Littoral mollusc communities and water quality in southern Lake Winnipeg, Manitoba, Canada

Abstract

Water quality and mollusc communities have been declining in Lake Winnipeg., the tenth largest freshwater lake in the world. Ninety sites were surveyed in the southern half of the lake. Nitrate and total dissolved solids were found to be significantly higher on the west side, while cadmium, copper and lead were higher on the east side. Agriculture, urban effluent, and recreational development were major factors directly affecting nearshore water quality. Human impacts were sporadically aggravated by Red River floodwaters entering the lake. A total of 26 gastropod were currently found in the lake, but 16 of them were found at 5 or fewer sites. Only 6 unionid species were found, compared to at least 11 historical species records. Species richness of both gastropods and unionids was positively correlated with total dissolved solids, and inversely with lead. Gastropod and unionid species richness were also mutually positively correlated. Catchment basin and shoreline management policies affecting Lake Winnipeg need to be reexamined to reduce further habitat decline.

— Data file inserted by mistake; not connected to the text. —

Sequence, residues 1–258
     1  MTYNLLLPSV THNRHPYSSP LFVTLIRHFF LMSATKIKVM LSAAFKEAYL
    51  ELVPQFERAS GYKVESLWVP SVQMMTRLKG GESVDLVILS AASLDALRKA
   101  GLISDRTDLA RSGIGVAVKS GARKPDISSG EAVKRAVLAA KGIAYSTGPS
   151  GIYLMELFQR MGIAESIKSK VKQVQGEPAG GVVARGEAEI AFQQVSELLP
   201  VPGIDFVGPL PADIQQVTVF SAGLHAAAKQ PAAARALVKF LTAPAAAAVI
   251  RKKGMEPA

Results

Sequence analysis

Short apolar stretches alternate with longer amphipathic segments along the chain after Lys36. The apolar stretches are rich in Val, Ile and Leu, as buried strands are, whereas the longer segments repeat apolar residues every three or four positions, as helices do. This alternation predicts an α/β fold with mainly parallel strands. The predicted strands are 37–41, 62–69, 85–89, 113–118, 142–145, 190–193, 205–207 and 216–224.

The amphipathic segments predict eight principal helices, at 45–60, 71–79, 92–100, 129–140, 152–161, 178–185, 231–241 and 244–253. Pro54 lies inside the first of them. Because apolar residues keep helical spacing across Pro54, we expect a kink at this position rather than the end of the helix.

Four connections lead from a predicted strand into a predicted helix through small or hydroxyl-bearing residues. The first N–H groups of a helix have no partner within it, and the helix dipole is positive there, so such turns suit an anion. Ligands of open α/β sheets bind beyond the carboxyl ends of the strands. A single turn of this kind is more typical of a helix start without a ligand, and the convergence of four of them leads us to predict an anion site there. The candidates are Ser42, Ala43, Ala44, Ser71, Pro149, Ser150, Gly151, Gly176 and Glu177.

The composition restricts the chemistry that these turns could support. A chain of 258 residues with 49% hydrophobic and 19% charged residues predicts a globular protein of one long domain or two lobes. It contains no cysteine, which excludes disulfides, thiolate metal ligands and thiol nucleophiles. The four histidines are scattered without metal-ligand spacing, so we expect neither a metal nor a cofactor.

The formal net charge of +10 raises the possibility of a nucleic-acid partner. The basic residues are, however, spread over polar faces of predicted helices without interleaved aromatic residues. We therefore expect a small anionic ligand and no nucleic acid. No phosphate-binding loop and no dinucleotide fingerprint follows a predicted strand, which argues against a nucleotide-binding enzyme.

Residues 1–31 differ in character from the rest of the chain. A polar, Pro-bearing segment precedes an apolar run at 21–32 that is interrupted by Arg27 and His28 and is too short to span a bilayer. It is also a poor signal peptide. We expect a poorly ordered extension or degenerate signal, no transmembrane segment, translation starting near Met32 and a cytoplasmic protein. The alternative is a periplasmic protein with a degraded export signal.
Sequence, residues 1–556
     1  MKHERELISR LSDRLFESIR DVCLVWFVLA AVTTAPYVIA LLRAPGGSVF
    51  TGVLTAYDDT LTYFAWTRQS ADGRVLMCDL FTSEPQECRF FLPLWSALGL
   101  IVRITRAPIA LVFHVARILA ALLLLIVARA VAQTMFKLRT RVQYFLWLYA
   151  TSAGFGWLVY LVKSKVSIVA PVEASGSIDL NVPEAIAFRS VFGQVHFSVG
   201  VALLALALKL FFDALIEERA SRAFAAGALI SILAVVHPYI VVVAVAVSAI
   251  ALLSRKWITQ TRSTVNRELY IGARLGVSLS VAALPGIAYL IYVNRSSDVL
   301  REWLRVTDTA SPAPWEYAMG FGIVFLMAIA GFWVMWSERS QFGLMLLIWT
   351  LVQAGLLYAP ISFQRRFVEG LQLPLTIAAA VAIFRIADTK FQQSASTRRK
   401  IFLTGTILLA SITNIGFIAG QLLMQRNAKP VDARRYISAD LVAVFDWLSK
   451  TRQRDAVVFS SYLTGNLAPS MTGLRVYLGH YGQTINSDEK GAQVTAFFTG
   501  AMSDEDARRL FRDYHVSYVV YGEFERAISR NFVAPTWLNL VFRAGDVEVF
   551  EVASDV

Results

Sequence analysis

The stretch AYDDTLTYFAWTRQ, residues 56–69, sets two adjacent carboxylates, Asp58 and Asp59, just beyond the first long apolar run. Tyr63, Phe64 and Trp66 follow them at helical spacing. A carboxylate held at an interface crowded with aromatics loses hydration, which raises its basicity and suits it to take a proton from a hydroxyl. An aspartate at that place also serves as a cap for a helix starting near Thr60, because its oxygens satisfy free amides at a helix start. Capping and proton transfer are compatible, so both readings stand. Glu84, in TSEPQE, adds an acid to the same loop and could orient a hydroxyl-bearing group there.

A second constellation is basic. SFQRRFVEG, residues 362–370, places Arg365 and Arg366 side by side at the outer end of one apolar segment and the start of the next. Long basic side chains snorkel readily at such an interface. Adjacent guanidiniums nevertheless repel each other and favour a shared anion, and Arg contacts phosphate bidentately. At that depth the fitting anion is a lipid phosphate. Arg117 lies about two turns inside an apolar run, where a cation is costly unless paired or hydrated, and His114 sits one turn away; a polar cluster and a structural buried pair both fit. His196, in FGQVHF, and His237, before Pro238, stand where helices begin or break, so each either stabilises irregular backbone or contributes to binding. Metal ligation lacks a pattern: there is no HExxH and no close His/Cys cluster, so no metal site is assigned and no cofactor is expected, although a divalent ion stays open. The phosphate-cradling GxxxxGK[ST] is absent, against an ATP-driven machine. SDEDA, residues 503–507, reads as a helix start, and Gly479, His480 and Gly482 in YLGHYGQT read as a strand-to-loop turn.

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Pip, E. Littoral mollusc communities and water quality in southern Lake Winnipeg, Manitoba, Canada. Biodivers Conserv 15, 3637–3652 (2006). https://doi.org/10.1007/s10531-005-1877-y

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Keywords

  • Freshwater gastropods
  • Lake Winnipeg
  • Lead
  • Nitrate
  • Species richness
  • Unionids